I grew up reading Marvel comic books in the early eighties. That was the holy grail of awesome superhero IP. And so when you hear that: those guys got to get together and make a Hulk game. Well, I still remember looking through the Hulk issue where Wolverine makes his first appearance and that stuff ignites passion and you need passion to make great stuff.
And yes, all the other stuff is true. It can be an identifier for players to see that separates from an original product. You see a Hulk game in the store and you see an original game with a big guy who smashes things. The Hulk game has all of that massive nostalgia pull, but you need that kind of emotional boost.
If you want to make something great, sometimes you can get it where somebody has an idea and the studio gets behind it. Well, you’re constantly selling that original idea, but sometimes that blank sheet of paper with no scaffolding or rule set around you, sometimes that’s daunting to get everybody in the studio there. But if you have Spider-Man… Holy shit. Everybody’s excited to work on Spider-Man and then look at the product that they go and make with it.
I begged Ted to do Jurassic Park / Jurassic World, and they didn’t have the passion for that IP when I was at Universal trying to get them to do an action-adventure game set in the Jurassic world done by Insomniac.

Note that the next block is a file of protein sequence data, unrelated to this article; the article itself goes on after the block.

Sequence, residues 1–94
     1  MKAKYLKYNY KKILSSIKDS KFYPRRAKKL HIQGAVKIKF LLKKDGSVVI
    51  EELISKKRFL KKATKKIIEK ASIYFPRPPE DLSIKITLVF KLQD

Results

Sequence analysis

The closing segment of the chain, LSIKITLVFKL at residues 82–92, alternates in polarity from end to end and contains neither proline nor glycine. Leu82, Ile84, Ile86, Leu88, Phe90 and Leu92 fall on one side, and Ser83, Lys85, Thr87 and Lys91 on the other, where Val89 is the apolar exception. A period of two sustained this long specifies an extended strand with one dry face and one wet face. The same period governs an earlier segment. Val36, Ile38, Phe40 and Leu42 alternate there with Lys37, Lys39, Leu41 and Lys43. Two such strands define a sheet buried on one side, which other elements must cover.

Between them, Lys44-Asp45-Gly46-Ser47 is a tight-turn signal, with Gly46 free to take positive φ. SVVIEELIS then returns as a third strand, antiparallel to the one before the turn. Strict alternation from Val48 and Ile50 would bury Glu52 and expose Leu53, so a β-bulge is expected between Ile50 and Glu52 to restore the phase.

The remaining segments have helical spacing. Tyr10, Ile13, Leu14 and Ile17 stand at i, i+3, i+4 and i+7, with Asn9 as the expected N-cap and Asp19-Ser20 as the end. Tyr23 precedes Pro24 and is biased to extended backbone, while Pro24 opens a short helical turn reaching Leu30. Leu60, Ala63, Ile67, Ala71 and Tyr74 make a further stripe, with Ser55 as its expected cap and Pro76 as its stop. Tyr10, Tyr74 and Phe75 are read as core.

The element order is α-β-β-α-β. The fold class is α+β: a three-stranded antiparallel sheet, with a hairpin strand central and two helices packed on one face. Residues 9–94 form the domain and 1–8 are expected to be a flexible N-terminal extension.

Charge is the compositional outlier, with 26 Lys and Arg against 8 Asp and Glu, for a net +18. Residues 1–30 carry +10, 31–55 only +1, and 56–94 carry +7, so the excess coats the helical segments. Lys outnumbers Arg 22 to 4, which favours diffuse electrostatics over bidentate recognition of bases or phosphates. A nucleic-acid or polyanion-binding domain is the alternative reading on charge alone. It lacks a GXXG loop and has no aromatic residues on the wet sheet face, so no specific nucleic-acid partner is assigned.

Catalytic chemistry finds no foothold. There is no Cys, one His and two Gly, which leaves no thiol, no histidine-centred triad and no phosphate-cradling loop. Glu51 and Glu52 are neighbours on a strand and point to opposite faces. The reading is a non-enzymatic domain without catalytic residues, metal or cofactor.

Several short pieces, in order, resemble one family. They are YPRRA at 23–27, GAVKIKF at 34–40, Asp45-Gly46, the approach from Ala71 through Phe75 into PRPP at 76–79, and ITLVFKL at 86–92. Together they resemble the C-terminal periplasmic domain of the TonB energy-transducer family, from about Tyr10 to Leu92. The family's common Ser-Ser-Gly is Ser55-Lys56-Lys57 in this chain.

And then eventually they did it with Spider-Man. So when they did it, you saw what they had. I would argue that that’s the best game they’ve ever done. And I would also argue it’s one of the best superhero games ever done. And one of the best IP-based games ever done, like it’s an immense amount of people working really hard for a very long time, but because they had a passion and fire to tell those stories and not other stories, not stories that Spider-Man had previously seen, but an original story set in that world.
That’s when real greatness comes out.
2. Fitting Gameplay and IP
Joseph Kim: In some cases, there’s a fit between an IP and a specific type of gameplay.
Kim Kardashian is a good example of a failed game (the original game before the IP), but then you slap Kim Kardashian on it and all of a sudden it becomes a hit game.
How should people be thinking about whether an IP would fit or not?
Pete Wanat: To me, you have to start with, do you have a game concept that makes sense for the actual IP? And if you don’t, if you try to jam something in, that’s not gonna work. It’s gotta be something that naturally fits itself for the IP.
I think one of the biggest problems, that happens so often, is when the IP holder tries to dictate to you what your story is or what the character can do. And often for a long time games were seen as sort of a bitch medium.